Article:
j1ll, October 22, 2014 (view all comments by j1ll)
Life of Pi is my favorite book. Martel's rich characterization of Piscine is just incredible and moving. This story will really stick to you. Martel is a truly talented artist and his works are phenomenal.
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It fascinated me that Pi, in the first part of the novel, raised as a Hindu,introduced to Christianity and Islam, tries to follow all three religions. He tries to understand and love God through each religion accepting the benefits of each.
When his family decides to sell their zoo over a land dispute with the government, we get insights into the politics and complications of Indian government. The storytelling becomes wild after his family's death when survivor Pi is in a small lifeboat with a hyena, a zebra, and an orangutan. My favorite part was the incredible relationship that Pi and Richard Parker create...very bizarre and totally unbelievable but I could not put the book down.
In the third part of the novel, two Japanese government officials doubt Pi's story and I loved the way he creates a different explanation which might be the truer one and he asks them to pick their preferred one! I am always amazed when a person creates such a complicated plot. I will want to read this book again but am not sure I want to see the movie!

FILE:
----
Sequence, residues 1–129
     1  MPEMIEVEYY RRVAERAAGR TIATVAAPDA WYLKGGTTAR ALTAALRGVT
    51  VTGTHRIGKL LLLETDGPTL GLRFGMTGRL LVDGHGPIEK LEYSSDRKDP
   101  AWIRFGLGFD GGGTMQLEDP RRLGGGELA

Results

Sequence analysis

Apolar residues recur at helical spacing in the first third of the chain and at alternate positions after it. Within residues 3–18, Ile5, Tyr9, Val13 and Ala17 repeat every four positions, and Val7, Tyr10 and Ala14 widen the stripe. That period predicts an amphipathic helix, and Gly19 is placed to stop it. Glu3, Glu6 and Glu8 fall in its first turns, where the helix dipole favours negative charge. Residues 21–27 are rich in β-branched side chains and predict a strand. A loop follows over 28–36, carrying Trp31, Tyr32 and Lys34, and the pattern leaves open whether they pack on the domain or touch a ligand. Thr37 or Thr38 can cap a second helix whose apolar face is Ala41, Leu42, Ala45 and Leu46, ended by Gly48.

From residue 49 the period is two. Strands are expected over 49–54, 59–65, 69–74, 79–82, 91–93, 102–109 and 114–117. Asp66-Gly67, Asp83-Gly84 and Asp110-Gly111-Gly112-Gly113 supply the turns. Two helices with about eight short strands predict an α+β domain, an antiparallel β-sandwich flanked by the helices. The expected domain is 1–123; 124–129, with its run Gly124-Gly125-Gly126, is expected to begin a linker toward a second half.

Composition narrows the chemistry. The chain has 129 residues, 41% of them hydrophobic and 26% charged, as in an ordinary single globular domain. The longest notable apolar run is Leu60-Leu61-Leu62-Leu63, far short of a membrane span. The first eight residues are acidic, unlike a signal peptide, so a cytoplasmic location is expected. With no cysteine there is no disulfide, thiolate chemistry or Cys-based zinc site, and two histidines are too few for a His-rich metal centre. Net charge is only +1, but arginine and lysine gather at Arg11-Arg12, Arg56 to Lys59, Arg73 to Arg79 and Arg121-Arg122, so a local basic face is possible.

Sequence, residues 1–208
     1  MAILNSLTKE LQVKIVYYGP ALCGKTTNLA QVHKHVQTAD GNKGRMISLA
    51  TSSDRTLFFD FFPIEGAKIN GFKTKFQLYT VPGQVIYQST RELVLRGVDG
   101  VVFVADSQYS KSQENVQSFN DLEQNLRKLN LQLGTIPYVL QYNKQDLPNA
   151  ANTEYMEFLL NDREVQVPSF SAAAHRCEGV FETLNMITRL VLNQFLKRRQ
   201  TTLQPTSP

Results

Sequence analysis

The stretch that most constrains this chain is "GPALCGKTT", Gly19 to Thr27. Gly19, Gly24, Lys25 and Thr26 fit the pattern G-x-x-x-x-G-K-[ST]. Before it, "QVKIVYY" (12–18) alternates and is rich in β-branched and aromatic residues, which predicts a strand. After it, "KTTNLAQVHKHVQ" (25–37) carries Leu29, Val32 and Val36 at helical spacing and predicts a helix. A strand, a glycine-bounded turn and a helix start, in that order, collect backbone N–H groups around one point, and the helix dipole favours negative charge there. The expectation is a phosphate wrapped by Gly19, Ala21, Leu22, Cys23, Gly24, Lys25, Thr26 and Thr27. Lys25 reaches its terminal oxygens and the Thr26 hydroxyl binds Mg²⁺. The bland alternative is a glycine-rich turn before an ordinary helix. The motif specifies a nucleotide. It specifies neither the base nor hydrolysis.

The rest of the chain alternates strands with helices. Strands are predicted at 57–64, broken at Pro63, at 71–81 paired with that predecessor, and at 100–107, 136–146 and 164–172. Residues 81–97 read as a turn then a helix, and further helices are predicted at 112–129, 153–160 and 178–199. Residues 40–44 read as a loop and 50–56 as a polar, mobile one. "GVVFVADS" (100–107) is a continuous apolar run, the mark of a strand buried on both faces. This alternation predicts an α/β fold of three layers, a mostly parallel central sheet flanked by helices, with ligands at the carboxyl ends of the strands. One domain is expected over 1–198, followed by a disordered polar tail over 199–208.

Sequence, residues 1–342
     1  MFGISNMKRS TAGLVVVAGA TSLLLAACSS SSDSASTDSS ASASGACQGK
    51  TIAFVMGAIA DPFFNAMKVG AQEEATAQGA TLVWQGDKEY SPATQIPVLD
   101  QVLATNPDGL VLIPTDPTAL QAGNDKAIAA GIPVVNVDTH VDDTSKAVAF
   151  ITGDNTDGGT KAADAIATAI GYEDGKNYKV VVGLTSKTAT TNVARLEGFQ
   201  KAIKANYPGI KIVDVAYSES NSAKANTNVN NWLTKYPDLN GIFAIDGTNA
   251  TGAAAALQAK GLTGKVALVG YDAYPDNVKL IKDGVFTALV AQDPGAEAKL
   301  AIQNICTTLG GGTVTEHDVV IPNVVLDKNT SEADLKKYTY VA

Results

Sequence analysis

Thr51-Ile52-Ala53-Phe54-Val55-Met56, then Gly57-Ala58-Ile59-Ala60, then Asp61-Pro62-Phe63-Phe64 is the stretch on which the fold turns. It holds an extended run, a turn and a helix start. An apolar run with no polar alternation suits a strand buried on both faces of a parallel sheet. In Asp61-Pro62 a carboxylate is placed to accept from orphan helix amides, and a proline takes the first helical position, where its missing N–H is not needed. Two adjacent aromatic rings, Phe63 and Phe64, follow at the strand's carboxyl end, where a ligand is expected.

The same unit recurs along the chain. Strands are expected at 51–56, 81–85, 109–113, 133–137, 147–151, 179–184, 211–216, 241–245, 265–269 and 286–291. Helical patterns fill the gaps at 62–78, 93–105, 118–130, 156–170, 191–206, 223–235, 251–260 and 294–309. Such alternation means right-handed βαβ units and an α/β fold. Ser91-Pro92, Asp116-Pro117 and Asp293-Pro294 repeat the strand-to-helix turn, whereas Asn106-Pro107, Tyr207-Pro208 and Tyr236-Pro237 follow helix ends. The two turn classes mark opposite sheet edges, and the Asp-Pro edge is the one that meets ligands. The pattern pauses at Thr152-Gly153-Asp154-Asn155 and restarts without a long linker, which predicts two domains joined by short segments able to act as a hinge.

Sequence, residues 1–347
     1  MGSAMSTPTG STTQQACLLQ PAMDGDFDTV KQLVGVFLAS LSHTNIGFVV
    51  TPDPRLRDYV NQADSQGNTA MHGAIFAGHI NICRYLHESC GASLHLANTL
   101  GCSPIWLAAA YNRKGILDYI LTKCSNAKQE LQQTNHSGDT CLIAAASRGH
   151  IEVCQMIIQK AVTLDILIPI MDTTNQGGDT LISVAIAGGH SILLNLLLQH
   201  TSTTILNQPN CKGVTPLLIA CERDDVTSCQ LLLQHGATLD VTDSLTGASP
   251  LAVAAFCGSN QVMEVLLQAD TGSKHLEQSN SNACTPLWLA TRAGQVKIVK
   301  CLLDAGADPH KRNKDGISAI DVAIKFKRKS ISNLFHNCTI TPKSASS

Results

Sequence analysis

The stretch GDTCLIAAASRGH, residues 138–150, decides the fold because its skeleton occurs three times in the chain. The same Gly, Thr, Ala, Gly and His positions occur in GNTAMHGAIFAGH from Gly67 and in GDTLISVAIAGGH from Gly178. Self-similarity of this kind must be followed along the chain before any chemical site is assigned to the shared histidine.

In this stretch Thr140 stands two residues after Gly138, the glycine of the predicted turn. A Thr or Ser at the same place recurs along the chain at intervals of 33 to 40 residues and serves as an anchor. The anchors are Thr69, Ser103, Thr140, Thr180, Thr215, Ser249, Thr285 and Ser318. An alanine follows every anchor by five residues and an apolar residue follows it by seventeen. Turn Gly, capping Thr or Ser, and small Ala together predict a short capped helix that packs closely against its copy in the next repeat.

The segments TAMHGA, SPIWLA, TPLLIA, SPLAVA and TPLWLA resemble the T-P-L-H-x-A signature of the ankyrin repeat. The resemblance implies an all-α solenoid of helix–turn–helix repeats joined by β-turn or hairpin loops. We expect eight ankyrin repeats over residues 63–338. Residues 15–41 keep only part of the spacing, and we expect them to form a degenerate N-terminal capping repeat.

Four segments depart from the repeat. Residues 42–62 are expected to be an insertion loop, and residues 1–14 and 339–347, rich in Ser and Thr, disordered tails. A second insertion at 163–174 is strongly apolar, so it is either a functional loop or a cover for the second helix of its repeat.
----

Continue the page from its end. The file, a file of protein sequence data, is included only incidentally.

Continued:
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Isabella, November 26, 2012 (view all comments by Isabella)
I started this book thinking it was going to be another survival story, only with a tiger thrown in. I was so wrong. Yann Martel's story was amazingly written and made me feel like I was there on the lifeboat experiencing the character's thoughts and feelings. The situations and settings that Pi found himself in were both beautiful and brutally horrific at once. And then there was the ending.... Fantastic.
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melissamarkham, September 26, 2012 (view all comments by melissamarkham)
Like good wine and a good friend, this marvelous book gets better with age. The first read-through is a delightful journey of discovery. Subsequent readings delve the discerning reader into Martel's profound meaning. The reader is presented with two stories and asked which is the true story. In the end, though, it doesn't matter. What matters is why we believe (or refuse to believe) that which requires imagination.
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I admit it; before reading Life of Pi, I thought, There's just no way that Yann Martel can write a whole book about a teenage boy and a tiger stranded together in a lifeboat for 277 days. But, I was so wrong; he pulls it off beautifully. You will love this utterly charming and unforgettable book.
by The New Yorker,
"This breezily aphoristic, unapologetically twee saga of man and cat is a convincing hands-on, how-to guide for dealing with what Pi calls, with typically understated brio, 'major lifeboat pests.'"
by Suzy Hansen, Salon.com,